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State machine using MongoDB changestreams


I worked on a project where we needed to implement a process that spans multiple days. The process is dependent on the internet connectivity of our customers IoT device.

Usually I would go for something like temporal.io, Azure Durable Entities or AWS Step Functions. But incorporating new infrastructure is always a challenge and the project wanted to keep the infrastructure as simple as possible. Meaning re-using existing infrastructure.

That narrowed the options down to Kubernetes and MongoDB =)

Building a state machine with MongoDB and Kubernetes

In this post I will show how to build a state machine using MongoDB changestreams and Kubernetes. The state machine will be used to track the progress of a process that spans multiple days.

Each state is represented as a column in a single document. The document is updated by the state machine when the process moves to the next state.

Each state in the state machine is implemented as a Kubernetes statefulset. Why statefulset? Because we need to store a resume token in a durable place. The resume token is used to resume the changestream when the statefulset is restarted (update or crash).

Process manager

I need a process manager that takes in my state business logic and executes it. The process manager needs to keep track of the resume token and make sure its persisted in case of a crash or update. This is what I came up with:

import fs from 'fs';
import { ChangeStreamDocument, Document, MongoDatabase } from '@lib/mongo';
import { config } from '@lib/config';
import log from '@lib/logger';

interface workInterface {
  (item: ChangeStreamDocument<Document>): Promise<void>;

export class Process {
  private filter: any[];
  private mongo: MongoDatabase;
  private isShutdown = false;
  private lastEvent: { init: boolean; token: unknown };
  private cursorLocation: string;
  private work: workInterface;

  constructor(filter: any[], cursorFileName: string, work: workInterface) {
    this.filter = filter;
    this.work = work;
    this.mongo = new MongoDatabase(config());
    this.cursorLocation = '/data/' + cursorFileName;
    try {
      this.lastEvent = JSON.parse(fs.readFileSync(this.cursorLocation).toString());
    } catch {
      this.lastEvent = { init: true, token: {} };

  private async start() {
    await this.mongo.initDatabase();
    const cursor = this.mongo
      .watch(this.filter, this.lastEvent.init ? {} : { resumeAfter: this.lastEvent.token });

    try {
      while (!this.isShutdown) {
        const data = await cursor.next();
        this.lastEvent.token = data._id;
        await this.work(data);
    } catch (err) {
      fs.writeFileSync(this.cursorLocation, JSON.stringify(this.lastEvent));

  public async run() {
    const signals = ['SIGTERM', 'SIGINT', 'SIGQUIT'] as const;
    signals.forEach((signal) => {
      process.once(signal, () => {
        this.isShutdown = true;
        if (Object.keys(this.lastEvent.token).length > 0) {
          this.lastEvent.init = false;
        fs.writeFileSync(this.cursorLocation, JSON.stringify(this.lastEvent));
        log.info(`Received ${signal}, will resume after ${JSON.stringify(this.lastEvent)}`);
    await this.start();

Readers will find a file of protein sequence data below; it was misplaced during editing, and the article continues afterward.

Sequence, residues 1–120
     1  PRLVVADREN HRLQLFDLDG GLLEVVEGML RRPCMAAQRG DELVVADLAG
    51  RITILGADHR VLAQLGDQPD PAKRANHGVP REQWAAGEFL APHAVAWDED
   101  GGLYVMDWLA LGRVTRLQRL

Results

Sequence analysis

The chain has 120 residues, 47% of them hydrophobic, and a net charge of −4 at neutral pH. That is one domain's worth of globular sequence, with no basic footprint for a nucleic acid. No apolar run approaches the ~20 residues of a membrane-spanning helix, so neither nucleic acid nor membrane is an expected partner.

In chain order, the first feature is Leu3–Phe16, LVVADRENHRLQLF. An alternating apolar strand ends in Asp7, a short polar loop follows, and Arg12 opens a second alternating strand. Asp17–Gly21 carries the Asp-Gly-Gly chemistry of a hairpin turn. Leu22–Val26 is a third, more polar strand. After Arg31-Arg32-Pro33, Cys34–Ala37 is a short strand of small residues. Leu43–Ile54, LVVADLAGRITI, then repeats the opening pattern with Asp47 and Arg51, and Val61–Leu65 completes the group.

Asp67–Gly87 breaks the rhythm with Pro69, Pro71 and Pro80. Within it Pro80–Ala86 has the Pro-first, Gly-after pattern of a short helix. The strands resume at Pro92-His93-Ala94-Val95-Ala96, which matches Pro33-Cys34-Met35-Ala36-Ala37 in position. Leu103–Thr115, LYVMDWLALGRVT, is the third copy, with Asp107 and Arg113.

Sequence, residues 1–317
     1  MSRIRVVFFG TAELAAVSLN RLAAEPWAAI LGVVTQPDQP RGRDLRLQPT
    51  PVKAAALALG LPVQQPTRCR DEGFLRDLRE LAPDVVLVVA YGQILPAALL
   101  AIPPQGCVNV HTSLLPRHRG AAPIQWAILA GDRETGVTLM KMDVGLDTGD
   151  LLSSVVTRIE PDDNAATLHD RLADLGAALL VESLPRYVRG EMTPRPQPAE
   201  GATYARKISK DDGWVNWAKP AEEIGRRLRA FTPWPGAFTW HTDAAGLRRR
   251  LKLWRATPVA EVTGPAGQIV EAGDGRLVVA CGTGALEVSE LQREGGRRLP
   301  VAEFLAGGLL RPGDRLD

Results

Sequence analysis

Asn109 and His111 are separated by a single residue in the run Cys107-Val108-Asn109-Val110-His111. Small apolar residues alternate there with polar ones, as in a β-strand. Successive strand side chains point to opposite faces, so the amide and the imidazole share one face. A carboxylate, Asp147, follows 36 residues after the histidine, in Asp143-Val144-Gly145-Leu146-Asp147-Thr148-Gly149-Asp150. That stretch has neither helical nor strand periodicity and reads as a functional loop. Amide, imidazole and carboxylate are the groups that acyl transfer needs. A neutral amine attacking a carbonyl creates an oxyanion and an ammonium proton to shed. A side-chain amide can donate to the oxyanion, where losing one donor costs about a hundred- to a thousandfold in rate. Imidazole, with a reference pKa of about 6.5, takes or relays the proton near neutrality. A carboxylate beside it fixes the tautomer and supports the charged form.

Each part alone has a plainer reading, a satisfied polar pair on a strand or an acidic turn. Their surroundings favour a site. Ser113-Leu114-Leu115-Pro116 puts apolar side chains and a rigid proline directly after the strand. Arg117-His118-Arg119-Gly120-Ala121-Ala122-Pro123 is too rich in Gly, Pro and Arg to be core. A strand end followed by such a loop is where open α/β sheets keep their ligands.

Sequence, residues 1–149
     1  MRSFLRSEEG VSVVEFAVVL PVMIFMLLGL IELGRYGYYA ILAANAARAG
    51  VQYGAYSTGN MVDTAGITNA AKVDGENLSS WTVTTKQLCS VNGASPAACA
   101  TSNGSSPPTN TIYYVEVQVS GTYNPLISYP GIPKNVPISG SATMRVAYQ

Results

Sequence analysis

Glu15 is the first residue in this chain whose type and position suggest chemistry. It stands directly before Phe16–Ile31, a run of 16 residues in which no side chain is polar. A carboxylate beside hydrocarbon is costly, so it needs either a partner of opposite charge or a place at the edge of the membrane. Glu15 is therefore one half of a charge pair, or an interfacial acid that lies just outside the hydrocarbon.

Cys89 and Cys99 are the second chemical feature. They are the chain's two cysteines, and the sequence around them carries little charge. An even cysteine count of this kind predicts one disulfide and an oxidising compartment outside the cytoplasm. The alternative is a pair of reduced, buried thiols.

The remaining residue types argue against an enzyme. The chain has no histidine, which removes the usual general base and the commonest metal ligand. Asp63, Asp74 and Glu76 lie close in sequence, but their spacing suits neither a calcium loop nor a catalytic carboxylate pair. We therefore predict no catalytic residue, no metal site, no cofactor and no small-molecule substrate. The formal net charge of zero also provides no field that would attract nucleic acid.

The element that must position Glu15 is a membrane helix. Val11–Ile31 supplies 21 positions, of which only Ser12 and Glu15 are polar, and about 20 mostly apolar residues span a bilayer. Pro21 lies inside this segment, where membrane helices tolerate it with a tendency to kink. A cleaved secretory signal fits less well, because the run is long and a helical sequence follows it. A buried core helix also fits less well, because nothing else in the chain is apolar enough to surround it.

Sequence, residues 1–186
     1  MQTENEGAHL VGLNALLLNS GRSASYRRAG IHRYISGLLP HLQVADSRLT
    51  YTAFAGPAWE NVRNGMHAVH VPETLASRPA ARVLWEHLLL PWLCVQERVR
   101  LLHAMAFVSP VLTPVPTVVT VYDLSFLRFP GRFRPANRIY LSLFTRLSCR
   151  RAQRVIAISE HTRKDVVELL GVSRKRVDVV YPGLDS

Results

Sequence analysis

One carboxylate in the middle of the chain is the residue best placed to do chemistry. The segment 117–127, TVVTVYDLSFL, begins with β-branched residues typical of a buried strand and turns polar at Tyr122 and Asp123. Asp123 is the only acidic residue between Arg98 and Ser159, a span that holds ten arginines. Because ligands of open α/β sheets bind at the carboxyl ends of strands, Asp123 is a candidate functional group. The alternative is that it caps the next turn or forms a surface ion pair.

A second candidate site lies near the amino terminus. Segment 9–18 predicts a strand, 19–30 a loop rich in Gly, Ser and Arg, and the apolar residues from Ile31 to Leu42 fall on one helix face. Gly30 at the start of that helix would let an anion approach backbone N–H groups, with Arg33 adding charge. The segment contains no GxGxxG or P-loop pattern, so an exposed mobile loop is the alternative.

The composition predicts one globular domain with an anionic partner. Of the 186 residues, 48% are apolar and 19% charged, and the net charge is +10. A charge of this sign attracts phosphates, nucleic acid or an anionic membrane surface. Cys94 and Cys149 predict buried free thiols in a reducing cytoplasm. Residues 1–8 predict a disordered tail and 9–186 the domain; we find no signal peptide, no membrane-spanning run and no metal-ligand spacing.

The process manager takes in a filter, a cursor file name and a work function. The work function is the business logic that is executed when a document is updated. The process manager listens to termination signals and saves the resume token to a file. The resume token is used to resume the changestream when the process is restarted.

In case of an error in the work function the process manager will save the resume token and exit. This will cause the statefulset to restart and resume the changestream. It is important that you implement your business logic in a way that it can be restarted. In other words, the business logic should be idempotent.

Lets look at an example of how to use the process manager:

import { ChangeStreamDocument, Document, MongoDatabase } from '@lib/mongo';
import { config } from '@lib/config';
import log from '@lib/logger';
import { Process, states } from './process';

const filter = [
    $match: {
      operationType: 'insert',

const work = async (data: ChangeStreamDocument<Document>) => {
  const now = new Date().toISOString();
  const { operationType } = data;
  if (operationType !== 'insert') {
    log.warn(`Unexpected operation type: ${operationType}`);

  const collection = MongoDatabase.getDb().collection(config().mongodb.downgradeCollection);

  const { fullDocument: item } = data;
  if (item.state !== states.started) {
    log.warn(`State is not ${states.started} but ${item.state}`);

  const { _id, state, user } = item;
  log.info(`Processing ${_id} with state ${state} for user ${user}`);
  /. . . business logic . . ./

 // Move to next state
  const nextState = states.downloading;

  await collection.updateOne({ _id }, { $set: { state: nextState, updatedAt: now } });

const started = new Process(filter, `started.json`, work);

I call this the “started” state and will be deployed as it own statefulset in Kubernetes. The statefulset will be configured to restart on failure.

With this setup I can add as many states as I want. Each state will be deployed as a statefulset in Kubernetes. For my use case I needed 5 states. Each state did one thing and then moved process to the next state.


I hope this post was useful. If you have any questions or comments you can reach me on twitter @bobby_donchev.